If you’re just joining us, we’re having a fascinating discussion about the future of marketing in light of significant changes in the business environment. We’re discussing Victor Cook’s new book, Competing for Customers and Capital. If you want to get up to speed, hop over to the Book Discussion page to get started.
Okay, let’s move on to the second bullet point in this discussion. I’d like to propose some questions for Vic (and Jonathan, I hope you don’t mind being brought in on this one).
First, I think some of those who have read your posts and reviewed Vic’s narrated power point are a little bewildered. On the one hand Vic says in the power point presentation that intangibles are like "clouds in the sky," which makes them difficult to measure, at best. On the other hand you both reported in your last posts the percentage of market value accounted for by intangibles. How did you move from the clouds in the sky to percent of intangible value? Can anyone apply your methods? Please give us some examples of where you got the data and how you used it to come up with these results.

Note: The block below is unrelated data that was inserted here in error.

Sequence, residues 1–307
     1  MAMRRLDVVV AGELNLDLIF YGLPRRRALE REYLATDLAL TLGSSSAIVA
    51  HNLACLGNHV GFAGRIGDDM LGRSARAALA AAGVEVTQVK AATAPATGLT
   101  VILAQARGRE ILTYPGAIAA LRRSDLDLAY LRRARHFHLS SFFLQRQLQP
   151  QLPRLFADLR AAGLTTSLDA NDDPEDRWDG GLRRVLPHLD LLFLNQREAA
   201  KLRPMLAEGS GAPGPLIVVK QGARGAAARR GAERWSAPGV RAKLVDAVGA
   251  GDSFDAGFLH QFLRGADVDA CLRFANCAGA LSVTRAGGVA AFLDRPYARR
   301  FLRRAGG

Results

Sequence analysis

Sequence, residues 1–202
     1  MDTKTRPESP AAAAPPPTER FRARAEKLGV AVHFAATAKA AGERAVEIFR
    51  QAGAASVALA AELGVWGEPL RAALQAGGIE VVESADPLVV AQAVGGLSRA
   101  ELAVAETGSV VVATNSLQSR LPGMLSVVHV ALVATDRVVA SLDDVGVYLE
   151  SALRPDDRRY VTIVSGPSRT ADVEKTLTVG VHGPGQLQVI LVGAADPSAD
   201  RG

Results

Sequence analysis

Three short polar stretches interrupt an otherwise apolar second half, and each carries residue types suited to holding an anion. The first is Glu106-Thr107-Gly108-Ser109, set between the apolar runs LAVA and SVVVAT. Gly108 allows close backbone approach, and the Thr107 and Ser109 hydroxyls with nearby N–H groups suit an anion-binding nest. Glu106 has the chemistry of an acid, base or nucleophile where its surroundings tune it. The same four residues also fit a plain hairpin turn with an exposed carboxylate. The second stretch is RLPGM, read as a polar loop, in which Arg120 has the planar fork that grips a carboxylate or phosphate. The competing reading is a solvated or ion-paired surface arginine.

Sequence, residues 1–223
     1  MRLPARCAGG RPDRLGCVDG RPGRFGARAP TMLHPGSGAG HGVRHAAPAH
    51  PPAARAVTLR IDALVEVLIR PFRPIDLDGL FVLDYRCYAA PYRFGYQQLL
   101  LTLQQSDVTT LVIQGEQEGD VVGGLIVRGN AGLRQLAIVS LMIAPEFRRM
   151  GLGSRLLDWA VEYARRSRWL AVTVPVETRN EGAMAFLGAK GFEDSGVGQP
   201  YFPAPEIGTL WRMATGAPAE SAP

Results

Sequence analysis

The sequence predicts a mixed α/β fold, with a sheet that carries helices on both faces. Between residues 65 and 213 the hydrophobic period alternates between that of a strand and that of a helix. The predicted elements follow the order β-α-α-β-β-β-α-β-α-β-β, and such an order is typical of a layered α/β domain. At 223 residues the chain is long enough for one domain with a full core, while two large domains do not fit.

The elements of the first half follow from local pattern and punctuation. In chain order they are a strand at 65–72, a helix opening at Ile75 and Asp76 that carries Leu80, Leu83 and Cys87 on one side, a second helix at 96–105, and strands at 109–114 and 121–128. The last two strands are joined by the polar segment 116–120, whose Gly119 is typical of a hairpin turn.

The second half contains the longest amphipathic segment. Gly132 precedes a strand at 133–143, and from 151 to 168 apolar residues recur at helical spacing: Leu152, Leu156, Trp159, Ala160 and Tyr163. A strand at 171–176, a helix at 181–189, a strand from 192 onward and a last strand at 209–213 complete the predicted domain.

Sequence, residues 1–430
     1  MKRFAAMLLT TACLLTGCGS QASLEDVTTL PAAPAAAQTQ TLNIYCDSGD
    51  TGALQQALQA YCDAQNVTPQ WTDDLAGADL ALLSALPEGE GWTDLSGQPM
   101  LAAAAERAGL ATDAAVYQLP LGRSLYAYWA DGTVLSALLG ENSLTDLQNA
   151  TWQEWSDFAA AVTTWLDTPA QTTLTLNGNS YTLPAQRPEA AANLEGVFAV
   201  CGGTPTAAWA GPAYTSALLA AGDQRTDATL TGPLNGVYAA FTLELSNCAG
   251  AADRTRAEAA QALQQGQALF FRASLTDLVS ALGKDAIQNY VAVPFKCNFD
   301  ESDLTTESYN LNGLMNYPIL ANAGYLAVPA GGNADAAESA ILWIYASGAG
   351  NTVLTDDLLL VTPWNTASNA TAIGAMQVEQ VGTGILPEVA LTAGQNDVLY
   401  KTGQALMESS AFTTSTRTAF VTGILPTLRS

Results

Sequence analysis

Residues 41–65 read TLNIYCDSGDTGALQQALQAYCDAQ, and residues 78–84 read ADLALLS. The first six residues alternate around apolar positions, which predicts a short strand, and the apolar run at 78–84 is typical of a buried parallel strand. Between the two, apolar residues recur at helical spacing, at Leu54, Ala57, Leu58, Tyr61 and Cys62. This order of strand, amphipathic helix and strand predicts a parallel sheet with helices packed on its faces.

Second, you both provide a list of the types of intangible value. Vic, on page 16 of your book you say intangibles are created from the following list of "assets," and point out they don’t actually appear on the company balance sheet:
talent-based organizational related
In his post yesterday Jonathan said they are:
Looks to me like you guys agree on the framework to describe these "assets." This is a good start. Now, can you give us some idea how to measure the costs of those "assets"? And maybe say something about why they don’t show up on the balance sheet?